Nearly half of shootings investigated by Britain’s biggest police force unsolved

Nearly half of shootings investigated by Britain’s biggest police force go unsolved, figures show.

The proportion of Metropolitan Police cases that end with an offender facing prosecution has hit 52 per cent, which is the highest rate in 11 years, but leaves 48 per cent unsolved.

Detectives believe this is partly due to fear preventing witnesses from coming forward or sharing vital evidence including doorbell footage, and the fact that some victims want to get revenge themselves rather than co-operate with the police.

Commander Paul Brogden said: “It comes down to trust within our communities, we need the communities to trust us with evidence, trust us with handling Ring doorbell footage, CCTV access.

“People are worried, people are frightened, victims are frightened and often are reluctant to come forward.

“We encourage them to trust us, we will keep them safe.

“While our outcome rates have improved, there are 48% that we haven’t managed to solve.”

He said detectives have “long memories” and will investigate for years, especially if there is a linked series of shootings.

Detective Superintendent Victoria Sullivan, a specialist crime officer based in south-east London, said: “Often the victim themselves who’s been shot do not want to divulge to police and that might be because they’re seeking retribution themselves.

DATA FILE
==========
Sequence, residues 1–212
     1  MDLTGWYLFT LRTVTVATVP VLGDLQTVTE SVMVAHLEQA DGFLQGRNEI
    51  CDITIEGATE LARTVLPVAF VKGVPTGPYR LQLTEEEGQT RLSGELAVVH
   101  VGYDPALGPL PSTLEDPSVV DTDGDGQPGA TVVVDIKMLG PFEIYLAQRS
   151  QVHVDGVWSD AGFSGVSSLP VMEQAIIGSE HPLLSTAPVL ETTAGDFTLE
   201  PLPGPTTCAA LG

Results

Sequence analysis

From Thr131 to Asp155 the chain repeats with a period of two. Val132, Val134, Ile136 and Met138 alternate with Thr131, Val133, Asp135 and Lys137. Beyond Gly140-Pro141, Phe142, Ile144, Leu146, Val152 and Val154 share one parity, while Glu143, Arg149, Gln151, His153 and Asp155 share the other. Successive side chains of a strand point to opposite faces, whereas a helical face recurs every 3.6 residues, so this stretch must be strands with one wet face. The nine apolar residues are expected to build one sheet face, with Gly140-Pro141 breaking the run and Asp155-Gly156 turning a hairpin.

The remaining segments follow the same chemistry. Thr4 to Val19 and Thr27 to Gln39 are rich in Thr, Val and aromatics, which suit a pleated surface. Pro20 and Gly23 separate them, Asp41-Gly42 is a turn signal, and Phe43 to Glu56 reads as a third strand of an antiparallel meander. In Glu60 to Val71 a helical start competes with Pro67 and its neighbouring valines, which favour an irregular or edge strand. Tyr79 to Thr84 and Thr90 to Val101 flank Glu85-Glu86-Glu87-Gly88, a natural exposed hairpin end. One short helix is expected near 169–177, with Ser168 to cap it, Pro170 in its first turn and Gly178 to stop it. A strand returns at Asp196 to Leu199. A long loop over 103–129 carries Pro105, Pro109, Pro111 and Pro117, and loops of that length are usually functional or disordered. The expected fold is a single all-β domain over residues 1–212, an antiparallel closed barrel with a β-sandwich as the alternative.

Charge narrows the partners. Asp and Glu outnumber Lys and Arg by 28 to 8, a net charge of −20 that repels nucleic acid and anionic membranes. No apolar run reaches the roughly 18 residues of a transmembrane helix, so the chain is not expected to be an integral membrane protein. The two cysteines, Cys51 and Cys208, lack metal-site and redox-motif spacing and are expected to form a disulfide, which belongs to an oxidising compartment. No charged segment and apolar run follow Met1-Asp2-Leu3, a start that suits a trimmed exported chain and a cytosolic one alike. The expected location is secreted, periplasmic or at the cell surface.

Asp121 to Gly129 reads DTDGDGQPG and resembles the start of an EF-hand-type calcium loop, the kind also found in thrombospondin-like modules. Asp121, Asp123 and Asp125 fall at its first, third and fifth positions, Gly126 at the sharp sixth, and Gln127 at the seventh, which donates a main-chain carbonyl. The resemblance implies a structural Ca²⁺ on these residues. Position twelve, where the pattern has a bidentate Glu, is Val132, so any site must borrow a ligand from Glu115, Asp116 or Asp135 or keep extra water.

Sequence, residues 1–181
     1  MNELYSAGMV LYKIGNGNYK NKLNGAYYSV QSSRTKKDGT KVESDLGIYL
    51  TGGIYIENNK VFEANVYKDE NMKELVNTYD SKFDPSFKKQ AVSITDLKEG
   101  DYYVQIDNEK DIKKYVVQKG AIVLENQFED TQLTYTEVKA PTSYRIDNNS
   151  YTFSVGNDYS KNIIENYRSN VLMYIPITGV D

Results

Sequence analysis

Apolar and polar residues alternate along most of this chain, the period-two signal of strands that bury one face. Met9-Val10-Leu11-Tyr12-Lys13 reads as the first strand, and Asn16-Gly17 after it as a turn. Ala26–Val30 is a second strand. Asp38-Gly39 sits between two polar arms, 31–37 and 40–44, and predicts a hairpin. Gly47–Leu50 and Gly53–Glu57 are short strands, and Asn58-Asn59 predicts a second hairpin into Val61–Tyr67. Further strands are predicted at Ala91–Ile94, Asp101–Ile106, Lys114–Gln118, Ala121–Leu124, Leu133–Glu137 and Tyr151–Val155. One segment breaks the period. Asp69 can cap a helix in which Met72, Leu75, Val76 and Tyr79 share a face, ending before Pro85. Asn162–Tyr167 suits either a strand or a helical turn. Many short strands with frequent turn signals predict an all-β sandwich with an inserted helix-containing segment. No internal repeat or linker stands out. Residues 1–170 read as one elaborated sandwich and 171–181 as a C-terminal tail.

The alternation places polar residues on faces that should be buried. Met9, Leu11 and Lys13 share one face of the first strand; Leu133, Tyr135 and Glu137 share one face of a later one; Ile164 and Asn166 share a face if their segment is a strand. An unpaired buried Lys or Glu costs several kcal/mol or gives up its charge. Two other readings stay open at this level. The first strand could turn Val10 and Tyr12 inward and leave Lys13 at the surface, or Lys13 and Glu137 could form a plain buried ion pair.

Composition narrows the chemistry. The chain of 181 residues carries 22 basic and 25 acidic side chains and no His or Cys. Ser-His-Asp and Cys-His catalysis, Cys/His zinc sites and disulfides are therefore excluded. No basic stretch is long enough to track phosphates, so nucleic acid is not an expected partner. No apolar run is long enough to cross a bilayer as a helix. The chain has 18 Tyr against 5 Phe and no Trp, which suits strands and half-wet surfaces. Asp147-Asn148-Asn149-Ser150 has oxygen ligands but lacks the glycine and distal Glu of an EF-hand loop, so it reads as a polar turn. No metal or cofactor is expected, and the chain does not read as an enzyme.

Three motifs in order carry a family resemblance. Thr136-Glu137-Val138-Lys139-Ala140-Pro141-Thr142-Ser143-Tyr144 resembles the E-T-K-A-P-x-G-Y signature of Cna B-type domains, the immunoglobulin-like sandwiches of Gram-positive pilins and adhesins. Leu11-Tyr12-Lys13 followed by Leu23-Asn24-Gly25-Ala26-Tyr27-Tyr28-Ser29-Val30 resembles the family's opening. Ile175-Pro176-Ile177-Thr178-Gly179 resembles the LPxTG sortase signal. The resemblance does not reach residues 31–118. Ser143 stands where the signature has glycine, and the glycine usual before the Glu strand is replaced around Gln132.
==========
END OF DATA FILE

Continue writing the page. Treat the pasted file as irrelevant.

“So potentially today’s victim could be tomorrow’s suspect. And that’s why it’s really important that we act really, really quickly to try and dissolve that situation.”

Around half of shootings in London are believed to be linked to gang crime.

Gang links are a key line of inquiry in the shooting of a nine-year-old girl in Hackney last month who remains critically ill in hospital after she was caught in a hail of bullets while out for dinner with her parents in Hackney.

The Met says the number of incidents where a gun is fired, termed lethal barrelled discharges, is at its lowest for 15 years, having dropped from 196 to 145 since March 2023.

Firearm killings have also fallen year on year for the last three years – from 12 in 2021/22 to 10 in 2022/23, eight in 2023/24, and there have been two so far this year.

An increasing proportion of the shootings that do occur involve converted blank firearms, originally designed for non-lethal purposes such as bird-scaring, that are converted into deadly weapons.

Around 46 per cent of the 386 weapons seized by the Met last year were converted blank firers.